“What was that all about?” That is the question we hope one spouse does not ask another on the way home from church. Unfortunately, it is more common than we might think. Sometimes entire discipleship programs are built around helping people try to discern together what the sermon was all about. I listen to a lot of sermons every week from undergraduates, graduate students, ministry leaders getting their doctorates, and preachers I coach. I have come to have an intuitive sense for when the preacher finally ‘finds’ their sermon. It often happens while they are in the middle of preaching. Some times it comes right at the moment the listener thinks the sermon should be winding down.
It has happened to all of us. We think we have a sermon, it made sense on paper, or in our brief run throughs. Yet in the moment of preaching it, we feel like we are trying to swim in our winter clothes. It just does not flow smoothly, and seems to flounder around. Typically, the reason is we have not reached clarity in our preaching preparation process. We thought we had clarity, but if we had to define it for others it would not have been as clear.
Austin and Searle were two linguistic specialists who came up with a theory about words and what they do. Three categories guided them: words say things, words do things in their saying, words effect things. It seems simple at first, but it is difficult to always pay attention to.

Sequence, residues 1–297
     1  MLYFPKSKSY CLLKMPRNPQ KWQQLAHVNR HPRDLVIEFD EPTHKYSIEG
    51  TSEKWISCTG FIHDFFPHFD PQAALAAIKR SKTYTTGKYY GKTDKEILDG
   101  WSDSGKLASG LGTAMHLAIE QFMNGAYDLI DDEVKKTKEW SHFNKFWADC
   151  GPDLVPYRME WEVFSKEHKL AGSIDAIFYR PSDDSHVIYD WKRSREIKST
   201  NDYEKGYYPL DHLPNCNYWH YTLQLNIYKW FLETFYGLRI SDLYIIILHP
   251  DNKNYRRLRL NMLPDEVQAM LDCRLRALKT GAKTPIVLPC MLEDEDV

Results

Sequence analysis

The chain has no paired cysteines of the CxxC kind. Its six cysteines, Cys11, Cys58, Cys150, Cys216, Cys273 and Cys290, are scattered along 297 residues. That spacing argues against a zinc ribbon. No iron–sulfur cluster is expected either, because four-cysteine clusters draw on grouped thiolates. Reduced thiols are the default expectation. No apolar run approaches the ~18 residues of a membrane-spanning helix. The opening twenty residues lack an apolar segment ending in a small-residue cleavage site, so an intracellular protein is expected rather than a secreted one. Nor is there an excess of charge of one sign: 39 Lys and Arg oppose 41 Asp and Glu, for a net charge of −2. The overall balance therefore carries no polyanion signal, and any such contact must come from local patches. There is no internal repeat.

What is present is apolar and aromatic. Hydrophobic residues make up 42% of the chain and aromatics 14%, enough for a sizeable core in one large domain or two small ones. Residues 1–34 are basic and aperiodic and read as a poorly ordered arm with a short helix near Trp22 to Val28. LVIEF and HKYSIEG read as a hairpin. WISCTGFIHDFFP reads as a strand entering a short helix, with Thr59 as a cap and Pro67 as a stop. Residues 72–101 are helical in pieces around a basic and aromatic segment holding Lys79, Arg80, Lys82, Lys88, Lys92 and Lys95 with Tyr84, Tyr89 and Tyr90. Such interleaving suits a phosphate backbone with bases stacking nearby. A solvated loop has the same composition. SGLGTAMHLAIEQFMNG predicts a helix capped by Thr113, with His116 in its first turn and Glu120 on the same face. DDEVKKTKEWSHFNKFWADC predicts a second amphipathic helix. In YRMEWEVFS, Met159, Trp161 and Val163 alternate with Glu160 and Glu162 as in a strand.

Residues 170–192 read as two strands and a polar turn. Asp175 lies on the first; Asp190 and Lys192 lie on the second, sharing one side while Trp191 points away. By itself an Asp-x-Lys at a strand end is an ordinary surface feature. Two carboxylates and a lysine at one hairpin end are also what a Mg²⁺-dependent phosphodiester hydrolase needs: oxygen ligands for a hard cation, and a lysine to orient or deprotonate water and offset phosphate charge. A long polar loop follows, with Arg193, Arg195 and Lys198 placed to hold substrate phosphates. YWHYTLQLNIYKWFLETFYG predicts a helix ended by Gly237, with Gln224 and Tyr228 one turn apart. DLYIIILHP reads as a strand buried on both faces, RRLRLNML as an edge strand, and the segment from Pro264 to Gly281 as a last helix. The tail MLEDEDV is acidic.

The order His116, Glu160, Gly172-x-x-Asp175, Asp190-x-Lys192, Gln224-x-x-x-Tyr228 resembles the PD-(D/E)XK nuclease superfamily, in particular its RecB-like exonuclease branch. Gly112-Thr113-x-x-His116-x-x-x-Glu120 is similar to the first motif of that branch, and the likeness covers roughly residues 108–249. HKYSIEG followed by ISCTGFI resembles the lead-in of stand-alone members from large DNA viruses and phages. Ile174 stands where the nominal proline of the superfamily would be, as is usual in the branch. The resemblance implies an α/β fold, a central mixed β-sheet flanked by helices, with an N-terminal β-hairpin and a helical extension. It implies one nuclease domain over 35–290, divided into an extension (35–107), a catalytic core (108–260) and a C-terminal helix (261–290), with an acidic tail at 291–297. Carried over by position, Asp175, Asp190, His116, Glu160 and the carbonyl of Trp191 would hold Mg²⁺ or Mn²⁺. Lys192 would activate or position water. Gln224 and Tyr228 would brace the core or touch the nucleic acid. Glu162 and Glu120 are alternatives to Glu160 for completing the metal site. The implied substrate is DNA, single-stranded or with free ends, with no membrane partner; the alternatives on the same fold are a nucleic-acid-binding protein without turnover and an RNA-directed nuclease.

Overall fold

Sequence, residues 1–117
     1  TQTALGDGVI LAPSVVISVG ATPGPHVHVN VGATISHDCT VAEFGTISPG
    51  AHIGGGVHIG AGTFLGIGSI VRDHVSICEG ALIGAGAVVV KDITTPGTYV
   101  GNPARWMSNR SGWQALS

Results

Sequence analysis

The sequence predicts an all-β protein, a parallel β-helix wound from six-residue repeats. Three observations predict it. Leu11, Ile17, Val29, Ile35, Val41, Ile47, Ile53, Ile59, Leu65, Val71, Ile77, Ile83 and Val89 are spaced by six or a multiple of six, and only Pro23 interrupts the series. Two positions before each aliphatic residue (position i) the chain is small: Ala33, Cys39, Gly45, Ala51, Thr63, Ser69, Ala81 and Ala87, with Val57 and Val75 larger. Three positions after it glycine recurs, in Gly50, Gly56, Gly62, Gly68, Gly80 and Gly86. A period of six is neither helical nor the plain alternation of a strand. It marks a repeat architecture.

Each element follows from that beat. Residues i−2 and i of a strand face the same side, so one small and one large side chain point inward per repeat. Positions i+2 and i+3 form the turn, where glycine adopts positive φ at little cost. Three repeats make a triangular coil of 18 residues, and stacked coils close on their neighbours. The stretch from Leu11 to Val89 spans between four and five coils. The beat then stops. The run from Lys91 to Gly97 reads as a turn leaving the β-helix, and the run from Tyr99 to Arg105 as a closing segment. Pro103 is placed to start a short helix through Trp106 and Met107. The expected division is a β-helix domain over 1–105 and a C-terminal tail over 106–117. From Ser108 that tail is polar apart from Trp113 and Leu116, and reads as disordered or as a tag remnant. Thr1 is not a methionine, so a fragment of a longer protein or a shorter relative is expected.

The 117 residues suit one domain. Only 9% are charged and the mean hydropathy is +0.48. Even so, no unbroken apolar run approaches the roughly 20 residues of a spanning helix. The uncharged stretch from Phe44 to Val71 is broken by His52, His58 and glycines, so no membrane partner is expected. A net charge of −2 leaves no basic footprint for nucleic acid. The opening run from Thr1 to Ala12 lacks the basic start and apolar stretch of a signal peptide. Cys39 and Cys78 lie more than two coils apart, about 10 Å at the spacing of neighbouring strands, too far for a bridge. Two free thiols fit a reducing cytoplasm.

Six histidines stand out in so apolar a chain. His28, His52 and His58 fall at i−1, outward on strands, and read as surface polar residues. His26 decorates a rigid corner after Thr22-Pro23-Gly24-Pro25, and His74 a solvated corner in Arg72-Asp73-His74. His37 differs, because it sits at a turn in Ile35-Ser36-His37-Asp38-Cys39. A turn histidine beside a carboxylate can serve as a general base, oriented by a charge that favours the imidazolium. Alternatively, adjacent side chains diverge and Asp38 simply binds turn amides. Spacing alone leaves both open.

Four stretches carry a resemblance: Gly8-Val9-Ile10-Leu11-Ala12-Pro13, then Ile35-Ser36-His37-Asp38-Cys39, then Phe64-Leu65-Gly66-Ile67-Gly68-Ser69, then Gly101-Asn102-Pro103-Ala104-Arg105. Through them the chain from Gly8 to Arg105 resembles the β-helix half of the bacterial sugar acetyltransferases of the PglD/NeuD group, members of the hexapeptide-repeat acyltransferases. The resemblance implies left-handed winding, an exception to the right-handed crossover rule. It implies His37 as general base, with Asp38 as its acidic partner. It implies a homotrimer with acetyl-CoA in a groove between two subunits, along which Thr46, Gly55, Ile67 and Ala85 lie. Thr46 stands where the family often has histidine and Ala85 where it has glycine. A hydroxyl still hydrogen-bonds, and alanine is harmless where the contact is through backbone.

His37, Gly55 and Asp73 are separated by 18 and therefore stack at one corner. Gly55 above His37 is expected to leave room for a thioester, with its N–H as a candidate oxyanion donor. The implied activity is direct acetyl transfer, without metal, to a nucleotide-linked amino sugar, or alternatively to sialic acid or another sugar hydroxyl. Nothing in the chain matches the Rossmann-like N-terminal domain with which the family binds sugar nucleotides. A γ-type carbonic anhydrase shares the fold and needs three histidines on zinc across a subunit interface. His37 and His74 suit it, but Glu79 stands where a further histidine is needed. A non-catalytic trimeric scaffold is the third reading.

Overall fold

Tom Long applied this to preaching with two suggested sentences for preaching preparation in his book The Witness of Preaching. First, the focus statement. Write a single sentence that describes what your sermon is trying to say. Think of this as its content. Second, write a function statement, what the sermon is trying to do to the listener in the sermon moment. Think of this as if the sermon was a verb (challenge, encourage, equip, motivate, inspire, etc).
I have found that Long’s omission of the third category tends to shortcut preaching’s applicability and practicality. So I ask students to write one more sentence, a future statement. That statement should be a clear picture of the change in the community that could happen if everyone believed and lived the sermon you are about to preach.